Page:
Those two names alone make opening a brewery in Vermont a tad stressful. “You know right off the bat, everything’s going to be compared to them,” said River Roost’s owner and brewmaster Mark Babson, “especially if you’re doing similar styles. Yeah, it’s nerve-racking.” The good news, then, may well be that Alchemist brought their staples plus Beelzebub and Pappy’s Porter; they don’t feel much pressure to do anything other than what Alchemist does, hoping that that will be enough. (Let’s be blunt: When you make beer like Alchemist’s, that pretty much does the trick, but at festivals you can’t be blamed for wishing for more.) Lawson’s, by contrast, brought a bunch of drinks other than their standard hits, a’la their Rhubarb Basil Saison, and the Maple Nipple; they’ve made massive leaps from their early days of coming to the fest, when they only had three beers in bottles at the VIP tent only.
But funny enough, much as Lawson’s have typically used the fest as a chance to try out new things, they remain top dogs in their field because of their flagships. It’s easy to assume there’s pressure among breweries to conform to meet the expectations of the market and the demands of their patrons’ palates, but while IPAs were everywhere at the fest, they weren’t the only things worth getting pours of. In point of fact, sours, notably fruit-forward sours, like Night Shift’s Ever Weisse and 14th Star’s Squeeze the Day, were all over the place, and played a necessary role in keeping my taste buds safe from hop-overkill. (If you were at the fest and you didn’t try the 14th Star, you missed out; Squeeze the Day is the winning beer in their home brew challenge, and for that alone, drinking in its assertive citrus flavors was an essential component of my festival experience.) And for those with tastes that lean toward the roasty, plenty of stouts and porters were on hand, too, though none hit me like Foley Brothers’ Smoking Wheat. I tend to associate stouts with darker, colder times of the year, but this one felt appropriate even for a gorgeous summer evening – not too heavy, but with enough of that inner thermal quality to heat up your insides as day turned to night.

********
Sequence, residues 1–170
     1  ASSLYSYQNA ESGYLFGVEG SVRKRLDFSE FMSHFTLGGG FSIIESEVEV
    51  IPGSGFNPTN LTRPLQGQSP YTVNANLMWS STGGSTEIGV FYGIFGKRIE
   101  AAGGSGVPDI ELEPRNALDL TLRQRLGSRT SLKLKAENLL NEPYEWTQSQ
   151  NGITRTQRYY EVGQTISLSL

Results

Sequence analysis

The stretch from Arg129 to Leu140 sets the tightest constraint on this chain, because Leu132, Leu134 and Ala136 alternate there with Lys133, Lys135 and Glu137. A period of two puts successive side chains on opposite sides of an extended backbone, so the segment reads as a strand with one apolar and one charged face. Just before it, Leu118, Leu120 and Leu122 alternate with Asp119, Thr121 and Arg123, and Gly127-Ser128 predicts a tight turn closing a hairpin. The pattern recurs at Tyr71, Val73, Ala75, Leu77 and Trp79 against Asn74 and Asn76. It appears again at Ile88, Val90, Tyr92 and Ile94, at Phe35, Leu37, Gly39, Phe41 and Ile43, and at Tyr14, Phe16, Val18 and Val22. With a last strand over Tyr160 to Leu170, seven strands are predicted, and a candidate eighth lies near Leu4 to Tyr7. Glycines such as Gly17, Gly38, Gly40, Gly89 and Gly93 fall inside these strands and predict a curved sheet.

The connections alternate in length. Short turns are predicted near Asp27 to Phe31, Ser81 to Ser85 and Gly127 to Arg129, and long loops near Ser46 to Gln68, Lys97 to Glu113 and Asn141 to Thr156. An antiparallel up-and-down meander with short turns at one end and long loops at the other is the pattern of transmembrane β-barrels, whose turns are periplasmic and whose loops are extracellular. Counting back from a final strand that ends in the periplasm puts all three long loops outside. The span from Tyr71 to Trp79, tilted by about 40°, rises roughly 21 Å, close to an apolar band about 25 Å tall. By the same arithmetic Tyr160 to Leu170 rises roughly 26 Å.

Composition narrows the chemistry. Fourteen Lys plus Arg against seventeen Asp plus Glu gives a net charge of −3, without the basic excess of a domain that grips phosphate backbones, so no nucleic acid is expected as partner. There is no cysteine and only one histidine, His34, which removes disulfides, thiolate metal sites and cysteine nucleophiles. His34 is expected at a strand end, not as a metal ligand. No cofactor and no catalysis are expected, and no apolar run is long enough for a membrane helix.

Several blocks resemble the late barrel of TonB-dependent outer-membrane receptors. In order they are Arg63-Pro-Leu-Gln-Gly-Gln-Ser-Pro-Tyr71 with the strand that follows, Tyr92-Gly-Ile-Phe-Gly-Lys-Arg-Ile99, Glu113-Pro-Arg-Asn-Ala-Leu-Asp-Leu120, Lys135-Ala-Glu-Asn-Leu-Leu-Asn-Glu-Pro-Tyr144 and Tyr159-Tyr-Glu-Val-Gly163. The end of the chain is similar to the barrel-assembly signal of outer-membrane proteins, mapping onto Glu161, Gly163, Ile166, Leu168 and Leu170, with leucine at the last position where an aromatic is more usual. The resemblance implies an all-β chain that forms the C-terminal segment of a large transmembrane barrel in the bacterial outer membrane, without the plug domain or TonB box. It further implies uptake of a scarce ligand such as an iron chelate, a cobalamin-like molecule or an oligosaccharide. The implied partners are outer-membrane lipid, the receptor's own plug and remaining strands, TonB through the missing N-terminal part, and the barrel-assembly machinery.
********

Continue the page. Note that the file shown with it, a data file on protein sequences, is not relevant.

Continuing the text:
In this disjointed collection of styles, though, we come to the ultimate point of the Vermont Brewers Fest: It’s all about the beer, and bringing beer that people will try and love. “In the end,” Babson told me, “I make my own beer, make what I like, and hope everybody else enjoys it, too.” With so many different preferences to appease, and so many different styles for brewers to play around with, I can’t think of a better way to put it than that.
Boston-based critic Andy Crump has been writing about film and television online since 2009, and has been contributing to Paste Magazine since 2013. He writes additional words for The Playlist, Slant Magazine, and Birth. Movies. Death., and is a member of the Online Film Critics Society and the Boston Online Film Critics Association. You can follow him on Twitter and find his collected writing at his personal blog. He is composed of roughly 65% craft beer.